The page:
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ANA Masters of Marketing 2019 Top Takeaways

Emily Hoffman

Driving growth is a perpetually relevant topic for marketers and never more top of mind than during last week’s ANA Masters of Marketing conference in Orlando, Florida– one of the most important industry events of the year, with over 3,000 attendees and speaking sessions from some of the most compelling CMOs and thought leaders in the space. This year, marketers came together to discuss how they’re creating growth for their companies amidst an ever-changing customer landscape and the constant rise of new competition. Here are the top three key takeaways from this year’s ANA Masters of Marketing:


1. Customer attention is fleeting and marketers need to reach them with the right balance of personalization 

Connecting with customers has never been more challenging for marketers. While customers are engaging with content on average about four hours a day, they have become adept at tuning out content and advertising that
they don’t perceive as immediately relevant to them.
Marketers need to get better at understanding their customer’s consumption patterns, experiences, and emotions in order to make their messages stand out. 

But finding the right balance of reaching customers is tough– customers do want to see ads, but they want to see them at the right time, at the right place, with the right message.

Marketers need to find the balance between mass marketing and personalized targeting. And customers surprisingly aren’t opposed to a targeted approach. In fact, Jill Siegel, AVP of Business Intelligence at Xandr, revealed findings from Xandr’s 2019 Relevance Report, which found that 94% of customers know their data is being shared in some form or another. And customers, with their taste for personalized experiences, do not reject targeted ads. They generally have a positive or neutral view of an ad that’s custom to their search history, life stage, or location. 

As we enter an era where customers are more empowered than ever before, their attention and information is currency. According to the report, 65% of marketers and agencies believe the fragmented media landscape requires a new marketing structure that places more focus on understanding the audience. 

2. Data is at the center of deeper customer connections

For many companies, the most important balance to find is between building long-term brand awareness and driving immediate business sales. Recently, many companies have had to rebuild their brand in the face of controversy– a massive data breach scandal in the case of Target, food safety issues for Chipotle, among others.

As a result, businesses are overhauling their marketing strategies with a focus on deeper customer connections, in order to revitalize their brands and win back the hearts of their customers. According to Alicia Tillman, CMO of SAP, “we live in an experience economy and what that means is business is won or lost based on the experience we deliver to our customers.” But this is an area where marketers can massively improve, as 80 percent of CEOs today believe their brands deliver an exceptional customer experience, but only eight percent of customers agree with that.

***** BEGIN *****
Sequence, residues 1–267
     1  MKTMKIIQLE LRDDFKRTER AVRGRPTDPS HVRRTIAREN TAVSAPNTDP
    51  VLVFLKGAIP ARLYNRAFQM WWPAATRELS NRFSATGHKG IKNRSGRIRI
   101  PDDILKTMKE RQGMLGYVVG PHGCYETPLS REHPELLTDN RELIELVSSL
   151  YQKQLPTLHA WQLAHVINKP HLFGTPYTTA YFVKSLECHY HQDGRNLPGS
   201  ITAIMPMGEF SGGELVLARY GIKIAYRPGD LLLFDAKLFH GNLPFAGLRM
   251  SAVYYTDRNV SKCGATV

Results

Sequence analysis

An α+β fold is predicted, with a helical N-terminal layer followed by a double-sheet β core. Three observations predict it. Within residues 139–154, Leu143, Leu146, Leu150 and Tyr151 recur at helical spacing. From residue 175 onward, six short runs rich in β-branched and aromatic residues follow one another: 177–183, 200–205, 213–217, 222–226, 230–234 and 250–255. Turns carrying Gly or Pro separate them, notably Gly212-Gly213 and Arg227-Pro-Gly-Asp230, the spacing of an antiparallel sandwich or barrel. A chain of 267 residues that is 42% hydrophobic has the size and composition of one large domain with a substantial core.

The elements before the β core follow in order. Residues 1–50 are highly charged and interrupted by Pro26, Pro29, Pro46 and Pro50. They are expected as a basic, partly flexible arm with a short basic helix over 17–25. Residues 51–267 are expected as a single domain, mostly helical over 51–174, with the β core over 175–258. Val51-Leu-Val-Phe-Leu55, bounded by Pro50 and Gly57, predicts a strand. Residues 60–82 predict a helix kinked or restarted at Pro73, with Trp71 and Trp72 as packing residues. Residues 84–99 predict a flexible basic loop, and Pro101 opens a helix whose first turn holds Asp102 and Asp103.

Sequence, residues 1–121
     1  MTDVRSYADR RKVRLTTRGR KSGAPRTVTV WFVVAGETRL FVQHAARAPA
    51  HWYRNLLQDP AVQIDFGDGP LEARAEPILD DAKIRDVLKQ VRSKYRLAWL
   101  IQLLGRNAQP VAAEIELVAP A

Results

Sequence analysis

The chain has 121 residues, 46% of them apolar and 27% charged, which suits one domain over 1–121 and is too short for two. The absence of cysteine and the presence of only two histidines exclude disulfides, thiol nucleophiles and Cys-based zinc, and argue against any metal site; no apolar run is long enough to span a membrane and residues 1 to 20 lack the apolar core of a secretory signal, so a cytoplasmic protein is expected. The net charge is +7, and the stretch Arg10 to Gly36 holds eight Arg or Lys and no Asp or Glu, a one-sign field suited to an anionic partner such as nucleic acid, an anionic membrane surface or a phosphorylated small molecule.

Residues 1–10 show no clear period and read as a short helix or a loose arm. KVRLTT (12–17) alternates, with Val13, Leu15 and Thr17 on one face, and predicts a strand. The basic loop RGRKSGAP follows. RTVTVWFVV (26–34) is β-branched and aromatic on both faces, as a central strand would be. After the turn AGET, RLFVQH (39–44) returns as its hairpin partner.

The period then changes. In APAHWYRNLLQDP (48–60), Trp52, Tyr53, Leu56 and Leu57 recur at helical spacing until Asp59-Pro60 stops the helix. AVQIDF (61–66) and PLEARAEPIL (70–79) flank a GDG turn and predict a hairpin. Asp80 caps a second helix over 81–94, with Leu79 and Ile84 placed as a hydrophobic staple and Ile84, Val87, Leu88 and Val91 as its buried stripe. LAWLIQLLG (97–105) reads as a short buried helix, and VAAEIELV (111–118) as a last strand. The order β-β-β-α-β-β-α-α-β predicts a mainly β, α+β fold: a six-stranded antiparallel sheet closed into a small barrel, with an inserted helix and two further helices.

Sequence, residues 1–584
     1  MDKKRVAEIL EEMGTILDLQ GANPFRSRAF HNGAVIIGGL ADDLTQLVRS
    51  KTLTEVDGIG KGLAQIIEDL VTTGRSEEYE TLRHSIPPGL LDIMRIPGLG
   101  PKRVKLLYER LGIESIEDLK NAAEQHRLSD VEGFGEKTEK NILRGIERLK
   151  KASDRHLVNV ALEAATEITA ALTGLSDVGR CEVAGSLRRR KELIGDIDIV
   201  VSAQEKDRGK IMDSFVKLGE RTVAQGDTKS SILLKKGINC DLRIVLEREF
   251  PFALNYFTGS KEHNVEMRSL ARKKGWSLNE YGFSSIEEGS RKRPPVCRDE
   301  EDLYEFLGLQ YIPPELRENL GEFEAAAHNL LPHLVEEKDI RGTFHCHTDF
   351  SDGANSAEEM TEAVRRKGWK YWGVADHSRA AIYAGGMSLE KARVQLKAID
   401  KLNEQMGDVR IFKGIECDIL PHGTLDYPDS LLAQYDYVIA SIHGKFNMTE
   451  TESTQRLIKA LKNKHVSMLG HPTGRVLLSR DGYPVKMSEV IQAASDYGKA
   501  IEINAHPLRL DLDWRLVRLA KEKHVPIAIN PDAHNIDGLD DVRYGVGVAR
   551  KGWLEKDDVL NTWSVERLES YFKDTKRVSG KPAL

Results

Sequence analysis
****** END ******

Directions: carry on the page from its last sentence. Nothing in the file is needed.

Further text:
Data is at the heart of overcoming this challenge. Marketers need data to prove out the decisions they make and ensure that they are delivering compelling content that resonates with their customers. Tillman notes that “creating exceptional customer experience is both an art and a science. We need data to understand the feelings of buyers to drive the necessary creative interaction relevant to that.”

Meanwhile, Rishad Tobaccowala, Chief Growth Officer at Publicis Group, called refined data “the new oil,” noting that the future of data-driven storytelling isn’t just about data, it’s about scaling and understanding that data. 

3. The role of the CMO is changing 

With CMOs on stage from massive corporations from Chipotle to Dunkin’ Donuts to Bank of America, conversation often turned to the changing role of the CMO, particularly as companies like McDonald’s, Uber, Coca-Cola, and Johnson & Johnson have done away with the CMO role or restructured to include a ‘Chief Growth Officer’ within the C-suite. 

It’s clear that marketing leaders today are faced with much more responsibility, beyond just advertising and creative. Growth is the key to the modern marketing mandate and connecting with customer values, customer experience, and cultural relevancy are top priorities.

Chris Brandt talked about a recent rebrand that he led as the CMO of Chipotle, reigniting the brand’s voice, with a focus on food after years of food safety issues. The company launched a “For Real” campaign in September 2018 that focused on the real ingredients that Chipotle prides themselves on. The company has also found new ways to promote existing products and is looking at new ways to reach customers, beyond traditional ads, including showcasing bowl lid flips on TikTok. 

Meanwhile, Dunkin’ Donuts CMO, Tony Weisman, told the story of the company’s broken relationship with customers and how it worked to keep the brand relevant through a top-to-bottom marketing overhaul.  As a result, the brand value was up by 73% in 2018.  

While the CMO title may be going away, marketing leaders have never been in a more empowered position to directly impact bottom line growth for their businesses, through their customer-centric approach and data-driven decision making.

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